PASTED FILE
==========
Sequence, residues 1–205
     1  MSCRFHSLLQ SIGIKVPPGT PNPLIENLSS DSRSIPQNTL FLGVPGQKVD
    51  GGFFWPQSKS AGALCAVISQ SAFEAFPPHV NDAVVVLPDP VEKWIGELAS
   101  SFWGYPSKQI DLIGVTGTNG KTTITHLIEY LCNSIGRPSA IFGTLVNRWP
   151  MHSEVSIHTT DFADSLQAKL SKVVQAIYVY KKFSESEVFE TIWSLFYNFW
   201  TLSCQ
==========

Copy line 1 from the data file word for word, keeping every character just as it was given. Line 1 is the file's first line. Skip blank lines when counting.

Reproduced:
Sequence, residues 1–205